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dc.contributor.authorLowe, David J.en_NZ
dc.contributor.authorGreen, John D.en_NZ
dc.contributor.editorViner, A.B.
dc.date.accessioned2016-07-22T04:00:37Z
dc.date.available1987en_NZ
dc.date.available2016-07-22T04:00:37Z
dc.date.issued1987en_NZ
dc.identifier.citationLowe, D. J., & Green, J. D. (1987). Origins and development of the lakes. In A. B. Viner (Ed.), Inland Waters of New Zealand (pp. 1–64). Wellington: New Zealand Department of Scientific and Industrial Research.en
dc.identifier.isbn0-477-06799-9en_NZ
dc.identifier.urihttps://hdl.handle.net/10289/10555
dc.description.abstractBecause of a turbulent and complex recent geological history, New Zealand has an impressively diverse and dynamic landscape, and a correspondingly wide array of lake types, within a small land area (Irwin 1975a; Soons & Selby 1982;). The development of such an active geological environment in New Zealand has been governed largely by its location athwart the Australian and Pacific plate boundary, and its maritime mid-latitude position has made it particularly sensitive to the climatic fluctations and associated glaciations and sea level changes of the Quaternary Period (Suggate et al. 1978). At present, the rates of uplift and erosion of mountainous areas are among the fastest in the world. Earthquakes are common, and volcanism has characterised much of the North Island during the Quaternary with numerous volcanoes active in the last few thousand years. Large, explosive caldera volcanoes in central North Island have erupted repeatedly over the last million years, producing voluminous amounts of lava and widespread pyroclastic deposits. The landforms, soils and lakes are thus typically youthful, almost all being younger than two million years; indeed, much of the landscape is of late Pleistocene and Holocene age, and is still actively developing (Pillans et al. 1982). Our purpose in this chapter is to outline the relationship between these often violent and spectacular geological processes which have led to the formation and development of the various lake types in New Zealand. Against this background we describe the classification and distribution of the main lake types, their ages and mechanisms of formation. We also comment on lake sedimentation patterns, palaeolimnological studies, and on features of lake bathymetry and morphology.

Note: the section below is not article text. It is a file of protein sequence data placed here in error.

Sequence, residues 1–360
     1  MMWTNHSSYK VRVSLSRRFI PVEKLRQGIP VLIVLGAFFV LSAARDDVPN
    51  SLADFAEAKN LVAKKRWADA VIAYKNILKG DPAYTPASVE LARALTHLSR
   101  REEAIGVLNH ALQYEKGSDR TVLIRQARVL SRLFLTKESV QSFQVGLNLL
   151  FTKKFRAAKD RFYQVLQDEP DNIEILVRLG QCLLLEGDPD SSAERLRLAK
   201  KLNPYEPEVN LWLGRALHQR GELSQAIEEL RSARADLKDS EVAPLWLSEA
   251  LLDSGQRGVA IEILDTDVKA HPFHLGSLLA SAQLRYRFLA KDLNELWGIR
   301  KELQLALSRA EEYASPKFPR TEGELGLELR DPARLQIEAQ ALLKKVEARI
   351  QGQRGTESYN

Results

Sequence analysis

dc.format.extent16en_NZ
dc.format.mimetypeapplication/pdf
dc.language.isoen
dc.publisherNew Zealand Department of Scientific and Industrial Researchen_NZ
dc.rightsThis article is published in the book: Inland waters of New Zealand. © 1987 Crown copyright.
dc.titleOrigins and development of the lakesen_NZ
dc.typeChapter in Book
dc.relation.isPartOfInland Waters of New Zealanden_NZ
pubs.begin-page1
pubs.elements-id115354
pubs.end-page64
pubs.place-of-publicationWellingtonen_NZ
pubs.publication-statusPublisheden_NZ
pubs.volume241en_NZ
uow.identifier.chapter-no1


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